Last Updated on October 26, 2018, by eNotes Editorial. Word Count: 738
“Walker Brothers Cowboy” is told in the first person from the point of view of an adult woman recounting a significant formative experience from her preadolescent girlhood in which she meets a woman her father dated before marrying her mother. Through the encounter, she comes to view her father in...
(The entire section contains 738 words.)
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“Walker Brothers Cowboy” is told in the first person from the point of view of an adult woman recounting a significant formative experience from her preadolescent girlhood in which she meets a woman her father dated before marrying her mother. Through the encounter, she comes to view her father in a new light by realizing that he is not only a family provider but also a man with a colorful emotional history all his own.
The opening scene of “Walker Brothers Cowboy” establishes the geographic and psychological landscape of the story—rural Canada in the decade following World War II, where the narrator’s family and most of their neighbors have fallen on hard times and struggle to maintain their dignity in the face of declining fortunes. As the story begins, the narrator describes her mother making homemade school clothes for her because her family can no longer afford store-bought ones. Her father, Ben Jordan, was earning a respectable living raising foxes for their fur but the fur market bottomed out, and he has had to take a job as a door-to-door salesperson. The narrator’s father invites his daughter to join him for a walk along the shores of Lake Huron. This rare bonding experience unites the pair, who seldom share any time together because of the demands of Ben’s work.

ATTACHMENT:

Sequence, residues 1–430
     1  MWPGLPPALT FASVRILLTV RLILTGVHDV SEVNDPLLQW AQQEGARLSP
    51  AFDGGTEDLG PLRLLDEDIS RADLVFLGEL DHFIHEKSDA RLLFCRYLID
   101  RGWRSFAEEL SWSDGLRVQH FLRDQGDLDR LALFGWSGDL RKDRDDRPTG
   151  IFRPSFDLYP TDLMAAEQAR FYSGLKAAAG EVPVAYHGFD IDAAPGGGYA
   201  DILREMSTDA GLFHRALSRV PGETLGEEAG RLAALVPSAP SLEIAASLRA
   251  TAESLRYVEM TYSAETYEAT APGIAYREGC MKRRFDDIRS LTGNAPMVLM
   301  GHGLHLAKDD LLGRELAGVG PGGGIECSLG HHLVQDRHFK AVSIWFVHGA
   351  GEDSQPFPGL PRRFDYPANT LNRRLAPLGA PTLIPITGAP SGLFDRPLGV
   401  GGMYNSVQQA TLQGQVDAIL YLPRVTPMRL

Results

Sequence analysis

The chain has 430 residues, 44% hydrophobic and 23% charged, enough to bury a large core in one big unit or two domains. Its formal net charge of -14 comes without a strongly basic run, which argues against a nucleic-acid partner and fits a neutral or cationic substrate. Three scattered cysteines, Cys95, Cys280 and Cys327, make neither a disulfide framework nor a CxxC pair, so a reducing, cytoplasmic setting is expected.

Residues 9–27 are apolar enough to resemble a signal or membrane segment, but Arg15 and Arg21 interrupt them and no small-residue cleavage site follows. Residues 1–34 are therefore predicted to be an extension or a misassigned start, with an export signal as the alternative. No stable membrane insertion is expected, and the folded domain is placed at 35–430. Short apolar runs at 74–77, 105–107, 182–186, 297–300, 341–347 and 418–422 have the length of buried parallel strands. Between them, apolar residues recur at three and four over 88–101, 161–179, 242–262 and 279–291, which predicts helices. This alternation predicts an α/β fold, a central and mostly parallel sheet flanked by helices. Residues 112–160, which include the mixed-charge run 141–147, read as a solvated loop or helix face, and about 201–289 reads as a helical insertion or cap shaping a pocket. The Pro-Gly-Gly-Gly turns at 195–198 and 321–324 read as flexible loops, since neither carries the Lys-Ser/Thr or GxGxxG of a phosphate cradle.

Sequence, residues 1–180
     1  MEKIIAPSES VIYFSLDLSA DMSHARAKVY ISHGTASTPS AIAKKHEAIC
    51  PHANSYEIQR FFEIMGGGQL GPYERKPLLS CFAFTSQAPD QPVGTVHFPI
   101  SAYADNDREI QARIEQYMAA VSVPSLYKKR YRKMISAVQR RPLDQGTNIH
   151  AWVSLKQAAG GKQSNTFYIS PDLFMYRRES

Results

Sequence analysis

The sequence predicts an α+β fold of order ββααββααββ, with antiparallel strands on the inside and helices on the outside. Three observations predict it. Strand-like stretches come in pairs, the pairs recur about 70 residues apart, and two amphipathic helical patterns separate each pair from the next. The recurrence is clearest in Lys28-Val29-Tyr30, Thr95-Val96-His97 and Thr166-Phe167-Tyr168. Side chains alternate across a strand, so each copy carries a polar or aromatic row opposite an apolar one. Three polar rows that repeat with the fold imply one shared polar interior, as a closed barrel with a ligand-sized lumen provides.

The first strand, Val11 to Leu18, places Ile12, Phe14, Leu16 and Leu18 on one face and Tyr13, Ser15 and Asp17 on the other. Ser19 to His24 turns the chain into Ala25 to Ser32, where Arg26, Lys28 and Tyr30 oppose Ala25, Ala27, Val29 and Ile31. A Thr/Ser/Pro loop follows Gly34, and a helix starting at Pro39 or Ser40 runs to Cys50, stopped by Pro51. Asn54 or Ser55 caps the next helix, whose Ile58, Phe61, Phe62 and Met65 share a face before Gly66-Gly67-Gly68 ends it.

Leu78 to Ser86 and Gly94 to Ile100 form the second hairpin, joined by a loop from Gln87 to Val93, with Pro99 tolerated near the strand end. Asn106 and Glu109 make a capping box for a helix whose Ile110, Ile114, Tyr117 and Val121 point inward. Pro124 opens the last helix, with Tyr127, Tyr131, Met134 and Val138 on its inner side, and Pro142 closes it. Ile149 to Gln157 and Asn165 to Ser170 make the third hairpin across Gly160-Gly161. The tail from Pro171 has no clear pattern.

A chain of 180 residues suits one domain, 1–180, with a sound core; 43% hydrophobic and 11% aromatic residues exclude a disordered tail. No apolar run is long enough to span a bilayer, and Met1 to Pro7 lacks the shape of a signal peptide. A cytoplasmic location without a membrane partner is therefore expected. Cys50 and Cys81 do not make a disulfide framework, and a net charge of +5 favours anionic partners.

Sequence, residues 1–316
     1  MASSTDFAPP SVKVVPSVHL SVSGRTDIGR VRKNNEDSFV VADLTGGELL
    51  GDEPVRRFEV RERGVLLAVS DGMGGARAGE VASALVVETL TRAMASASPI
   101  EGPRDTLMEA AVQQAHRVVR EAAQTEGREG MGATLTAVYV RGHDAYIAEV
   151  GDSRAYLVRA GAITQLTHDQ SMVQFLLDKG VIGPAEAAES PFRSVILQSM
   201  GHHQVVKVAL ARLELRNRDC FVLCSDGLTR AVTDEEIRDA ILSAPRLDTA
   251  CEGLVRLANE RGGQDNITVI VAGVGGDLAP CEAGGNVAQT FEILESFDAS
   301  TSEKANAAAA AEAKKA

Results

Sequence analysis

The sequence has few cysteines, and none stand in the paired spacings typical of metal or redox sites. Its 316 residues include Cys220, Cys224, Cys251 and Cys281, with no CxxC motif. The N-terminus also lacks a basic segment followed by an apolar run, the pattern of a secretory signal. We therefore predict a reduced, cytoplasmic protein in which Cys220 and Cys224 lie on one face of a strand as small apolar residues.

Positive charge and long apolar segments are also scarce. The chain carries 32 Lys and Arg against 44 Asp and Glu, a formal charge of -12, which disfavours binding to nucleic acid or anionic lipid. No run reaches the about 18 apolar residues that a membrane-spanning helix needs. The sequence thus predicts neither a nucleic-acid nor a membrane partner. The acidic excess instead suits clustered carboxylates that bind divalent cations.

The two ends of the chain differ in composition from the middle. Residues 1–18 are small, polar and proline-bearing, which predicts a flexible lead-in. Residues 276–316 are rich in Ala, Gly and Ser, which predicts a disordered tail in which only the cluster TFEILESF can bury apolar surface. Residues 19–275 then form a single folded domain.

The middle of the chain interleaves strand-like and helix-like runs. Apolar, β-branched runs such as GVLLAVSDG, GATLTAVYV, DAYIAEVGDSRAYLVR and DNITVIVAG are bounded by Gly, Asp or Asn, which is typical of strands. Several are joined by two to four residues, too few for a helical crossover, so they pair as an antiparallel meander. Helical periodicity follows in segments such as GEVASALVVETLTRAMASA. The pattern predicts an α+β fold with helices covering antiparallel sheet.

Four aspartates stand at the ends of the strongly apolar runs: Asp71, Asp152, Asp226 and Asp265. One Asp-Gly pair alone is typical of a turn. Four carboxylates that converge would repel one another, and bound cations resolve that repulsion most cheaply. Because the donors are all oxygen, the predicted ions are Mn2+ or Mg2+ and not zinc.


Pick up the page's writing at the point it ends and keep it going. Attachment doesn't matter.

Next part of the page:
The narrator’s mother—a disillusioned and emotionally reserved woman—minds to the everyday needs of her daughter and son while Ben spends long days on the road. Ben views his time with his children as precious and seizes the chance to spend an evening alone with his daughter. Although the narrator describes her relationship with her father in the ambivalent terms of a girl poised at the edge of adolescence, viewing their relationship as both nurturing and tedious, it is clear that the narrator appreciates her father’s attempts to spend meaningful time with her. On the shore of the lake, he describes to her how it was formed thousands of years ago by a receding glacier—a shallow but memorable pretext for a chance to share a moment with a daughter with whom he fears losing important connections.
In a further effort to remain an active force in the lives of his children, the next day, Ben invites them to accompany him on the road for a day’s selling. Disillusioned by the abject poverty of the farm households to which he peddles everything from laxatives to soft drink syrups, the narrator likens her father’s sales territory to the Depression-era country of the 1930’s. She observes that “this kind of farmhouse, this kind of afternoon, seem to me to belong to that one decade in time.” Because of her age, the narrator’s conception of the 1930’s can only have come from history books and classroom anecdotes. Nonetheless, she views the daylong trip with foreboding and disdain, at least until the threesome embarks on an unexpected diversion.
Near the end of his run, her father takes the children to visit the home of Nora Cronin, an unmarried woman who single-handedly runs her family farm and cares for her blind, elderly mother. Their familiarity with each other clearly implies that at some point in the distant past Ben and Nora were good friends, possibly even lovers. Nora welcomes his company eagerly, implying that this is more than a sales visit. Once Nora has invited the Jordans into her home, she excuses herself briefly to her bedroom, where she dons a conspicuously attractive dress and generously applies perfume.
As her father shares a round of drinks and comfortable banter with Nora, the narrator begins to realize that Ben also possesses a distinct identity separate from that of the father and provider she knows. He is a man with a past—one that he feels compelled, particularly now, to revisit. The narrator discovers something she had never even considered before—that her father has a life separate from her mother, her brother, and herself. He drinks whiskey with Nora despite the fact that her mother has told the narrator previously that her father never imbibes. Likewise, Ben has serious acquaintances of which the narrator has never before heard any mention. At the story’s close, the narrator contemplates how such revelations have altered her perception of the differences between the worlds of the child and the adult, bringing her one step closer to growing up.